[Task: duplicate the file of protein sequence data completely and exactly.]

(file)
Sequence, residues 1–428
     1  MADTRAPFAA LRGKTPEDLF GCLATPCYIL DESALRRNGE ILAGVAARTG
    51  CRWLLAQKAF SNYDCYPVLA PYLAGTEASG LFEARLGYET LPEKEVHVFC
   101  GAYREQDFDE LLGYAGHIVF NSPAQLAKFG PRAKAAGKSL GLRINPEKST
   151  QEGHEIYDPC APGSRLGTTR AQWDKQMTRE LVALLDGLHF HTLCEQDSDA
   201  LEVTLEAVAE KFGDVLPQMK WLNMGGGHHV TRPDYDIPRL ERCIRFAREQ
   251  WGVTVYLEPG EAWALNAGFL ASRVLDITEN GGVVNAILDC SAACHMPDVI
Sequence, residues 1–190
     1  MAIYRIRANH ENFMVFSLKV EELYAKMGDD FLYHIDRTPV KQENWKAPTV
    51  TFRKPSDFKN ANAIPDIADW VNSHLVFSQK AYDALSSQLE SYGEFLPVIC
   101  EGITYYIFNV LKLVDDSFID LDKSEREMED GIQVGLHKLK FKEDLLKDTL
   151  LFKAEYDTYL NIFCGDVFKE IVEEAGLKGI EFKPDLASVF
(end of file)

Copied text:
Sequence, residues 1–428
     1  MADTRAPFAA LRGKTPEDLF GCLATPCYIL DESALRRNGE ILAGVAARTG
    51  CRWLLAQKAF SNYDCYPVLA PYLAGTEASG LFEARLGYET LPEKEVHVFC
   101  GAYREQDFDE LLGYAGHIVF NSPAQLAKFG PRAKAAGKSL GLRINPEKST
   151  QEGHEIYDPC APGSRLGTTR AQWDKQMTRE LVALLDGLHF HTLCEQDSDA
   201  LEVTLEAVAE KFGDVLPQMK WLNMGGGHHV TRPDYDIPRL ERCIRFAREQ
   251  WGVTVYLEPG EAWALNAGFL ASRVLDITEN GGVVNAILDC SAACHMPDVI
Sequence, residues 1–190
     1  MAIYRIRANH ENFMVFSLKV EELYAKMGDD FLYHIDRTPV KQENWKAPTV
    51  TFRKPSDFKN ANAIPDIADW VNSHLVFSQK AYDALSSQLE SYGEFLPVIC
   101  EGITYYIFNV LKLVDDSFID LDKSEREMED GIQVGLHKLK FKEDLLKDTL
   151  LFKAEYDTYL NIFCGDVFKE IVEEAGLKGI EFKPDLASVF